August 30, 2001
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The lead, front-page article in today's New York Times reports on $150 million in "cuts" to the city's public schools. "Some longtime observers of city politics and the school system said the contemplated cuts were remarkable in light of the city's overall robust financial situation," the Times reports.
Oh, so now that money is to be cut from the schools, the city has a "robust" financial situation, according to the Times. This is likely to bring a smile to the lips of anyone who remembers how, whenever Mayor Giuliani talks about a tax cut, the Times yelps about how dire the city's financial situation is.
Indeed, in yesterday's lead, front-page news article about the mayoral debate, the Times reports that Alan Hevesi, in attacking Mark Green, "suggested his opponent [Green--ed.] did not have the budgetary experience to deal with the fiscal problems that may await the next mayor."
Amazing how in the space of 24 hours the city, as described by articles in the same spot on the Times front page, can go from "fiscal problems" to an "overall robust financial situation."
Missing Candidates: Today's New York Times carries the paper's endorsements for the Democratic City Council primaries in Brooklyn.
In the 33rd District, which includes Brooklyn Heights and Williamsburg, the Times reports that David Yassky, a former aide to Charles Schumer, "has an uphill battle against the Democratic organization's candidate, Steven Cohn." The Times endorses Mr. Yassky. But what's really odd is that the newspaper makes it sound like a two-man race. In fact, there are at least two other Democrats running in the 33rd district: David Reiss and Ken Diamondstone. Neither one is exactly a fringe candidate. Mr. Diamondstone has the endorsement of Rep. Major Owens and of a political club called Lambda Independent Democrats, according to the Gotham Gazette. Mr. Reiss claims the endorsement of Betsy Gotbaum. If the Times doesn't want to endorse them, fine, but it seems rather extreme to pretend they don't exist.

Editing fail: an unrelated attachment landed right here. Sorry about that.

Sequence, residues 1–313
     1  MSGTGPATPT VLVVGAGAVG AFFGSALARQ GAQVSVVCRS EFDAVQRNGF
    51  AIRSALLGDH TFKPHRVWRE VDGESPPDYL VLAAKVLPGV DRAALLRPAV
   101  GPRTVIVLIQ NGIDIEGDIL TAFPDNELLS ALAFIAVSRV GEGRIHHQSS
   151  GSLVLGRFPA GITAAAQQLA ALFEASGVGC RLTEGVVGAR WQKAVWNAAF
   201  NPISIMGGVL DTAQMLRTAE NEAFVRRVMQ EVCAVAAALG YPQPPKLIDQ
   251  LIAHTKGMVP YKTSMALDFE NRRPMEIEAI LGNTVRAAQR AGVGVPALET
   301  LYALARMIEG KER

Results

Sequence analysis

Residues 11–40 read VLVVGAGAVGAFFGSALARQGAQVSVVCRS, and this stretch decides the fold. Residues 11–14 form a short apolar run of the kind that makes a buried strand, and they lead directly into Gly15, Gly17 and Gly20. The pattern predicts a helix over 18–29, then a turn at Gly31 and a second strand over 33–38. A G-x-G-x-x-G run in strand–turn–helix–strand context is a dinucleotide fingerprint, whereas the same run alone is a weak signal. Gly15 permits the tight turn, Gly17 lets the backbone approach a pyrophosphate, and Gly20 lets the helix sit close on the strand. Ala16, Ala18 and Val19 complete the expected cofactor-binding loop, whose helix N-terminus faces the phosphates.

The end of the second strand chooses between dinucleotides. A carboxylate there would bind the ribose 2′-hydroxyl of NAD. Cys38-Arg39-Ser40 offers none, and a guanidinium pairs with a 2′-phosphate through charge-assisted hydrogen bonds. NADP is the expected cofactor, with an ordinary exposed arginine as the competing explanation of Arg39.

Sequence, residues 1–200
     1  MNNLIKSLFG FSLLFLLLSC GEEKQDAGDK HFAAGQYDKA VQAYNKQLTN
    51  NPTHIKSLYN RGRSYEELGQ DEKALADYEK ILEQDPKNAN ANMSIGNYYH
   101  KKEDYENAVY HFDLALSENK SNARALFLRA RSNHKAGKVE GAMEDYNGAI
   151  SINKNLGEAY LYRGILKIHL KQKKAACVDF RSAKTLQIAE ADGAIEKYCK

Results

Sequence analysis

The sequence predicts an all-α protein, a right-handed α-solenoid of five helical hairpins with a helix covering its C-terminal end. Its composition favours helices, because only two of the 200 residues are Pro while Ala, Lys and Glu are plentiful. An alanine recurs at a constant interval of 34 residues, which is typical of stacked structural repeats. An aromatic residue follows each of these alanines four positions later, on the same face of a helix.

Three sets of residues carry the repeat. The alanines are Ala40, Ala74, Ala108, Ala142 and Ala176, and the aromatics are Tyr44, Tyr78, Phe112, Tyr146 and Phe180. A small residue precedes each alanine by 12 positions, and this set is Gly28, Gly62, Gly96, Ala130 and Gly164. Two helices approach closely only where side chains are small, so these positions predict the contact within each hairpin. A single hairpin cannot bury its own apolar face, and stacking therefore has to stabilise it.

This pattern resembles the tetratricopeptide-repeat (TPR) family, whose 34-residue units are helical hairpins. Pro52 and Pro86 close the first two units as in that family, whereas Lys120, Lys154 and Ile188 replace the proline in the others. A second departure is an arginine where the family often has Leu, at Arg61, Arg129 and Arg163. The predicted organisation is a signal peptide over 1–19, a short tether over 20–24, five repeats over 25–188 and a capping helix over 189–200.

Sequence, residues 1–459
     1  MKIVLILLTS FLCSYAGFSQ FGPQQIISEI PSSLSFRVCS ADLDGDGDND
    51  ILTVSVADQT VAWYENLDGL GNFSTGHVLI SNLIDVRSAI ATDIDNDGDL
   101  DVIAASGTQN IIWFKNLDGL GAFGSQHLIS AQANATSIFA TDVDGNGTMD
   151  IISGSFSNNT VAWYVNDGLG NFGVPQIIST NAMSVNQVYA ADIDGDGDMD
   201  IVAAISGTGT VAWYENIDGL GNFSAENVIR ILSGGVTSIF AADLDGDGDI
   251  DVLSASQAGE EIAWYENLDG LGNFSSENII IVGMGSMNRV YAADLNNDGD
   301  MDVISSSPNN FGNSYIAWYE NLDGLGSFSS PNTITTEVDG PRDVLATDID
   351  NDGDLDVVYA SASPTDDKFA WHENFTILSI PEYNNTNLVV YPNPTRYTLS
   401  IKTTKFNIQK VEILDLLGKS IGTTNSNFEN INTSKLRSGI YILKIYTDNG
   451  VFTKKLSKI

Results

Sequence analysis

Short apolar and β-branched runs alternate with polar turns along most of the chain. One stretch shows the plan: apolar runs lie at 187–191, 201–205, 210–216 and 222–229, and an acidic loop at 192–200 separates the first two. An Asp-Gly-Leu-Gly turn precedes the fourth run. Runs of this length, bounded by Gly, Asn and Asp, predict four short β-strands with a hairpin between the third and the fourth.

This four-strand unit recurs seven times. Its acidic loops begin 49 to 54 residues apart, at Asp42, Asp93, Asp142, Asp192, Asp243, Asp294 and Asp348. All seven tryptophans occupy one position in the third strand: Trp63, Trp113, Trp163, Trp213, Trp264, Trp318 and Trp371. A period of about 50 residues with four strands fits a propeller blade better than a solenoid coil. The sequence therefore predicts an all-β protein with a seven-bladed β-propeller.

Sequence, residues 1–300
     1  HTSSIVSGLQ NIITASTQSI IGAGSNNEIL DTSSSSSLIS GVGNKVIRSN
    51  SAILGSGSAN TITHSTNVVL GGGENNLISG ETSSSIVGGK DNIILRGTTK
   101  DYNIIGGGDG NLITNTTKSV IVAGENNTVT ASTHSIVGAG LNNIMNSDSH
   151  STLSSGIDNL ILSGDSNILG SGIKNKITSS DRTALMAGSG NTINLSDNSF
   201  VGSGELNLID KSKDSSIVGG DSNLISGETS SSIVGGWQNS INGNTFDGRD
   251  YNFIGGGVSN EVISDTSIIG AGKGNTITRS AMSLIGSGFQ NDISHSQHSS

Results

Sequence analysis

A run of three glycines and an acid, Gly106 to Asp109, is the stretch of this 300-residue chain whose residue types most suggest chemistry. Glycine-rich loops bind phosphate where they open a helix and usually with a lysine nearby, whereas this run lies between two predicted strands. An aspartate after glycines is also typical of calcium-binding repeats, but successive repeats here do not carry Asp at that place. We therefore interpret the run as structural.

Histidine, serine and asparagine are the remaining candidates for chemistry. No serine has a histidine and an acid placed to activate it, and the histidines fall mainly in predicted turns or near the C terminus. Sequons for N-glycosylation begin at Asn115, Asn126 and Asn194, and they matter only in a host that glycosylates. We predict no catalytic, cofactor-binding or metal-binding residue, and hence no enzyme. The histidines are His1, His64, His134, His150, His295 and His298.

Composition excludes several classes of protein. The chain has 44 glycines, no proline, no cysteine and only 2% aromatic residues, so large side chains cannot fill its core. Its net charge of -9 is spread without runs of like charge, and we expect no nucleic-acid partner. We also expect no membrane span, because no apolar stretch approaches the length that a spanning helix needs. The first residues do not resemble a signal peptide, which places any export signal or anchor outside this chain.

The newspaper pulls the same stunt in its endorsement in the 39th District. The Times endorses Hillary Clinton's former campaign manager, Bill de Blasio, while also mentioning Jack Carroll and Steven Banks. "Any of the three would make a fine council member," the Times says. To read the endorsement, you'd have no idea that there are three other candidates in the race: Craig Hammerman, Anthony Pugliese and Paul Bader. An article in the metro section of today's Times refers to the 39th district campaign as a "6-Way Race." That news article notes that Mr. Bader has the support of the Senate Democratic leader, Martin Connor, that Mr. Pugliese has the endorsement of District Council 37, the city's largest municipal labor union, and that Mr. Hammerman has been the district manager of Community Board 6 for 11 years. Again, if the Times doesn't want to endorse them, fine, but it seems weird for the endorsement editorial to deal with these other candidates by pretending that they do not exist.
Fire: Bizarre front-page placement in today's New York Times for an article about a fire in California that the Times says "caused no injuries or deaths." When a New York City firefighter died while fighting a blaze in Staten Island this week, the news made the bottom of the first page of the Times metro section. Why is a non-fatal fire in California more newsworthy to the Times than a fatal fire in Staten Island? The California fire caused $3.5 million in damage to property, "including timber," the Times reports. Well, if, as yesterday's Smartertimes.com noted, the Times believes the silly claim that California has already lost 90 percent of its forests, maybe the loss of additional trees there explains the Times decision to give the article front-page placement. At least no chainsaws were involved in the damage to this timber.
Late Again: The New York Times waddles in today with the news about Communist China that "Until this month, the site for The New York Times on the Web was blocked. The blocking was lifted after an interview with President Jiang Zemin by top editors at the Times in which President Jiang was specifically questioned about the blocking of the site." Smartertimes.com reported the end of the blocking in its Friday, August 24, 2001, edition.
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